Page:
As fans watch the unfolding of the NFL preseason, anxiously awaiting the start of the official 2017 season, eyes are on star players that get the headlines. Comparisons are made, debates unfold about who the best player for each position is in the league. For the position of cornerback, there are some big names – and rightfully so. The position is one of the most demanding and it requires the best players to flex into different roles for different plays and to do them all well. Richard Sherman is known by most as one of the best cornerbacks in the game and Malcolm Butler is another who is often represented on most “Best of” lists. Yet, one of the best cornerbacks who is often excluded is Detroit’s own Darius Slay.
There’s no argument at the success of other well-known cornerbacks in the league, but their successes are partially attributed to the supports around them. Look at the defensive line of the Seattle Seahawks – the strength of the line makes Sherman’s plays possible. How can you fail with Pro Bowlers on your side? Even so, his 2016 stats are nothing to call home about – four INTs, 58 combos, and 20 assists. Those are not bad numbers, but again, look at who he has around him.
Malcolm Butler has arguably the greatest coach of this generation in Bill Belichick and the Patriots head coach has certainly been able to bring the greatness out of him. He is supported by the best quarterback all time (Tom Brady), arguably the best tight end (Rob Gronkowski), and an amazing defensive scheme to boot. His stats are similar to Sherman’s – four INTs, 63 combos and 15 assists.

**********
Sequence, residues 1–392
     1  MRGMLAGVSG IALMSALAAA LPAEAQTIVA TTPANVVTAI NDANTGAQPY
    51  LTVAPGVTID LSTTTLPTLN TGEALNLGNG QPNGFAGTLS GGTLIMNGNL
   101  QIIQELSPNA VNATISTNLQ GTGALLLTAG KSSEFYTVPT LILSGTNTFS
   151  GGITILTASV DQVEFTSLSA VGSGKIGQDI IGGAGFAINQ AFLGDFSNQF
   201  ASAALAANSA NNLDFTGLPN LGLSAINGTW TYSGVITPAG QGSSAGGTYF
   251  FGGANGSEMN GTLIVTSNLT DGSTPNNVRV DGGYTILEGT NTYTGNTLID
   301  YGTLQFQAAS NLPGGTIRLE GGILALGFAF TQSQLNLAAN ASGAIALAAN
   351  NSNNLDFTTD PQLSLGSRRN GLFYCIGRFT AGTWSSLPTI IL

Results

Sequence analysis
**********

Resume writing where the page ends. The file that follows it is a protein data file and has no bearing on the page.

Slay is considered by many to be a “good” cornerback, but he does not often get listed among the “elite” in the NFL. However, his support is minimal, especially when compared to other elite corners. Ziggy Ansah is great, but can he ever stay healthy? Glover Quin is one of the best at safety but with no pressure from the defensive line, a horrible linebacking core, and no one on the opposite side of him, Slay has more on his shoulders than either of those other cornerbacks have. He may have averaged only two interceptions a year for the last three years, but numbers don’t tell the whole story.
“Big Play” Slay isn’t given the luxury that other corners are given. He plays press coverage and is relied on not only to play the best receiver on the opposing offense but to stay on that receiver like glue without much of a pass rush. That means when Aaron Rodgers scrambles around for at least five seconds, Slay must maintain close proximity to said wide receiver.
Did I mention Slay has amazing recovery speed? Against some of the best QB’s in the league, Slay makes it look simple. His 4.36 speed is no joke. But not only is his speed fantastic, he is physical. At 6’0”, Slay may only be a 190 or so pounds but he can defend any wide out that lines up across from him.
If Sherman and Butler left their respective teams, those teams would still be playoff bound. If “Big Play” Slay left the Lions, the defense would fall apart. Slay should receive more recognition for his skills and be considered among the top cornerbacks in the league.